By: Zachary H. Brown
Landlords can be put into precarious situations upon a breach by a tenant. Normally the contract, or lease agreement, signed by the landlord and tenant will spell out what constitutes a breach, and what remedies may be available to the landlord in the event a lease is terminated. This article will serve as a basic overview of what remedies are available to landlords when structuring residential leases.
A landlord must be cautious to only exercise the remedies that are available to it upon termination of the lease. A lease is terminated when the tenant has breached, abandoned, or renounced the lease before the expiration of the term of the agreement. It is important to know how and when a lease is terminated, what the proper notice requirements are, and if the tenant has effectuated a cure. Lease terminations are strictly governed by the contract and Florida Statutes.
Once the lease has been terminated, the landlord usually has a variety of options it can pursue when deciding on a proper remedy. It is important to note that if the lease agreement dictates what path the landlord must take, then the landlord will be bound to that contractual provision. Common landlord remedies are: (a) treat the lease as terminated and retake possession of the dwelling unit, thereby terminating any further liability of the tenant; (b) retake possession of the dwelling unit for the account of the tenant, holding the tenant liable for the difference between the rent stipulated to be paid under the lease agreement and what the landlord is able to recover from reletting the premises; (c) do nothing and hold the tenant liable as the rent comes due; or, (d) charge liquidated damages or an early termination fee to the tenant, as provided by a provision in the lease agreement.
If the landlord chooses to retake possession of the dwelling unit for the account of the tenant (option (b) above), the landlord has a duty to exercise good faith when he or she attempts to relet the premises. Any rent the landlord receives after reletting the premises will be deducted from the balance of rent due from the tenant.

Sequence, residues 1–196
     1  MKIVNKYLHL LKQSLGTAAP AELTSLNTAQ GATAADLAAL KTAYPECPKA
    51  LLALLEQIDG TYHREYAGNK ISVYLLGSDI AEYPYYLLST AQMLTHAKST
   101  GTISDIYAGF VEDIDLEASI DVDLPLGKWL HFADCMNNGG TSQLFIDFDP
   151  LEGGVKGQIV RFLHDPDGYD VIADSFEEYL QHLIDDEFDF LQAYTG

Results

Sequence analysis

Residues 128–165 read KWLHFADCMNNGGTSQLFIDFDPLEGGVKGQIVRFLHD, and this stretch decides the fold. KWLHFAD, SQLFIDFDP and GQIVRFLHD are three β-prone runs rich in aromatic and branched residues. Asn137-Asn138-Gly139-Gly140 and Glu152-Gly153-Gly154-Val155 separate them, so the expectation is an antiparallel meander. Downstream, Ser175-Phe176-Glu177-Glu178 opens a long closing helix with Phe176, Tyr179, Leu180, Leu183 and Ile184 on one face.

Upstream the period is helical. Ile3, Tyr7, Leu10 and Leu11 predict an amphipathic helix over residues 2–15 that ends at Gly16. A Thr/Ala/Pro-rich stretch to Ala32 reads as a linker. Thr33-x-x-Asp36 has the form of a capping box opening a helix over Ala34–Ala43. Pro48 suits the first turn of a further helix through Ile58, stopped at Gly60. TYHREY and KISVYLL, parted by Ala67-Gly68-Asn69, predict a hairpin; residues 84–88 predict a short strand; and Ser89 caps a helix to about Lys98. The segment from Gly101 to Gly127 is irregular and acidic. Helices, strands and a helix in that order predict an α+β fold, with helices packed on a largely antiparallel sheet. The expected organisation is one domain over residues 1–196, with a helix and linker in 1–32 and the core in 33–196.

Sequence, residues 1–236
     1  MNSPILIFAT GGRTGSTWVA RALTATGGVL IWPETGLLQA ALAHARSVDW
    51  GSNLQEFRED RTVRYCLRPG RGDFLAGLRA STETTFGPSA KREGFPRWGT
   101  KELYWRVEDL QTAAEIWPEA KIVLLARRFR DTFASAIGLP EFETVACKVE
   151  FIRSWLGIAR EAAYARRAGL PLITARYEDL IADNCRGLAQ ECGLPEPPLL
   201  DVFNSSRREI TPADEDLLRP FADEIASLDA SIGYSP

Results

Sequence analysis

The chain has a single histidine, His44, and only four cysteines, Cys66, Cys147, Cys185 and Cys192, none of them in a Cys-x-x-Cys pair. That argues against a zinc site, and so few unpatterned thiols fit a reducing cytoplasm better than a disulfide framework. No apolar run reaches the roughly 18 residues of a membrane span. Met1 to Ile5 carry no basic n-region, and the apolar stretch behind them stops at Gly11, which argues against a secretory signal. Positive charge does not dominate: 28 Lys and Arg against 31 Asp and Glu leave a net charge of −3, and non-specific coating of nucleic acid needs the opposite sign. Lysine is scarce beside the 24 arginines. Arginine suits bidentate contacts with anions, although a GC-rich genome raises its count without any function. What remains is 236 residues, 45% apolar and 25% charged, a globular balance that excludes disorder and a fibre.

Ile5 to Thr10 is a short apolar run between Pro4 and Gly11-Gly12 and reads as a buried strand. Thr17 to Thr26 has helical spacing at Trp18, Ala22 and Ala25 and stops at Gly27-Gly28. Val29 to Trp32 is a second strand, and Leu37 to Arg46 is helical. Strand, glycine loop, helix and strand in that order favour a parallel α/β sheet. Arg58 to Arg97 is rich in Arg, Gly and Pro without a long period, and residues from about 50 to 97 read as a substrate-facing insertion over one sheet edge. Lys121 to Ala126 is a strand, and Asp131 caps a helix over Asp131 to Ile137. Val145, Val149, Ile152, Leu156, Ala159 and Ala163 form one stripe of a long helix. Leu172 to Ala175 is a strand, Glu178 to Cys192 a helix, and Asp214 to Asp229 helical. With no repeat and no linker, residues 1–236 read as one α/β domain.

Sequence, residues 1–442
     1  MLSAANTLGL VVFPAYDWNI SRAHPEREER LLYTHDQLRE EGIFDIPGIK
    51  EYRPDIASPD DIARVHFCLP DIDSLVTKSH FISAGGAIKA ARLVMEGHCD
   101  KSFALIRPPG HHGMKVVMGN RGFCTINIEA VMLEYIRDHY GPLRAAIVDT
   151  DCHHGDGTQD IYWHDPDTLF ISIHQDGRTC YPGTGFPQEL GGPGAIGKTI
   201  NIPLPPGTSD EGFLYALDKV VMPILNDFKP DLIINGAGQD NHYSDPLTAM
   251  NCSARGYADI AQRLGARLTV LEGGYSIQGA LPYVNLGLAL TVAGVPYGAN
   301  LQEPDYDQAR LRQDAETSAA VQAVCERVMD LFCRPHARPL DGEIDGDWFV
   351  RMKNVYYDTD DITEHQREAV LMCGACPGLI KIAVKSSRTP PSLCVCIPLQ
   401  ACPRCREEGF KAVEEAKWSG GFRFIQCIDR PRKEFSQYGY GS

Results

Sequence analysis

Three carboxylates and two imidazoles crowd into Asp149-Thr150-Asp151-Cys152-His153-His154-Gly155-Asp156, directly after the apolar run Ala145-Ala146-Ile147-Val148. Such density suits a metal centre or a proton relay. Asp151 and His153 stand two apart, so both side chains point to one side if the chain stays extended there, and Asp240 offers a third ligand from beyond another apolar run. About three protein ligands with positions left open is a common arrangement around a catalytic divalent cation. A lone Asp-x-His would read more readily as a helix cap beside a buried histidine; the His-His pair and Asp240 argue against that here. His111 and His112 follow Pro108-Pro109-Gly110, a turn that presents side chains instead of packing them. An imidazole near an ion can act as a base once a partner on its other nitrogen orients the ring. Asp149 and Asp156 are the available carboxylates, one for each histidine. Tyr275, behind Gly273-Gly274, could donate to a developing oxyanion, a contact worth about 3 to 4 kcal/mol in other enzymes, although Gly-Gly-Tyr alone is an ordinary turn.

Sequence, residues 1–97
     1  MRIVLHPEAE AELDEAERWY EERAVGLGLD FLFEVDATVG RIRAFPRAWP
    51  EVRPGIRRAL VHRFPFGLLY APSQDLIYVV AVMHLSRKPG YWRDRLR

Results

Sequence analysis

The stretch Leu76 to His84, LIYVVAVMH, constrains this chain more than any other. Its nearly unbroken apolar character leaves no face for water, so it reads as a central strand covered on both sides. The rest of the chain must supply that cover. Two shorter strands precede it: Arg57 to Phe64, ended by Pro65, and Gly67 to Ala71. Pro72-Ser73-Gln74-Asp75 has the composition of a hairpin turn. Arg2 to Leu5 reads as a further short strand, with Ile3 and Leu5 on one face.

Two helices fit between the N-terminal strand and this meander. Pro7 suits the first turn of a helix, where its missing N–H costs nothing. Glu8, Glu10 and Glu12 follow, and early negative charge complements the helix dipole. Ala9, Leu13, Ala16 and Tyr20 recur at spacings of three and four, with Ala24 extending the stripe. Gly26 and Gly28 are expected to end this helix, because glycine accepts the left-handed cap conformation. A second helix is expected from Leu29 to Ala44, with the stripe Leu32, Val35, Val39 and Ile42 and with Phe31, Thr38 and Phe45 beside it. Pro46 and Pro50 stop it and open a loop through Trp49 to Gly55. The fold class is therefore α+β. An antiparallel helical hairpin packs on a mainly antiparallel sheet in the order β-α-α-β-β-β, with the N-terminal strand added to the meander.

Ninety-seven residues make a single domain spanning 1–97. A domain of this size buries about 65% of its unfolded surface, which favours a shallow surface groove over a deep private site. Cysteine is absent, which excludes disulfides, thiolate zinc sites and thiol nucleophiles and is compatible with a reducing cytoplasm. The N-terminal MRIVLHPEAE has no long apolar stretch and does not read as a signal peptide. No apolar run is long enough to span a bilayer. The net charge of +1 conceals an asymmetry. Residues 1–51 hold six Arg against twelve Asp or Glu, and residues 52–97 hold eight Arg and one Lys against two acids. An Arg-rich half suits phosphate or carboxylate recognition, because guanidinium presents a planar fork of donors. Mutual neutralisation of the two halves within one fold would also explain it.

Landlords also must be careful not to take any action that may be considered a waiver of one of the available remedies. Florida courts have held that a landlord’s failure to exercise a remedy option available to it under a lease will constitute a waiver. For example, this is most commonly seen when a landlord accepts rent payments from a tenant after a lease has already been terminated.
Lastly, by statute
in any civil action to enforce the provisions of a lease,
Florida law dictates that the party in whose favor a
judgment or decree has been rendered may recover reasonable attorney’s fees and
court costs from the non-prevailing party. So, if a landlord is forced to take
a tenant to court over the issue of a proper remedy, the landlord will recover
attorney’s fees if it is successful in its lawsuit.
Electing a proper remedy for landlords can be a complicated issue. If you’re a landlord and have experienced what you think may be a tenant breach, or outright termination of a lease, it is probably best to consult with a local attorney about the best option you can pursue moving forward.
Zach Brown is an attorney with the law firm Clark, Campbell, Lancaster & Munson, P.A. in Lakeland. Questions can be submitted to firstname.lastname@example.org.
Zach moved to Lakeland, Florida in August of 2018 to join Clark, Campbell, Lancaster, and Munson, where he practices primarily in the areas of land use, zoning, real estate, and general business law. Since moving to Lakeland, he has become a regular attendee at Church at the Mall and is a member of EMERGE Lakeland. In his free time, Zach enjoys playing golf, being with friends, and watching University of Florida sports.
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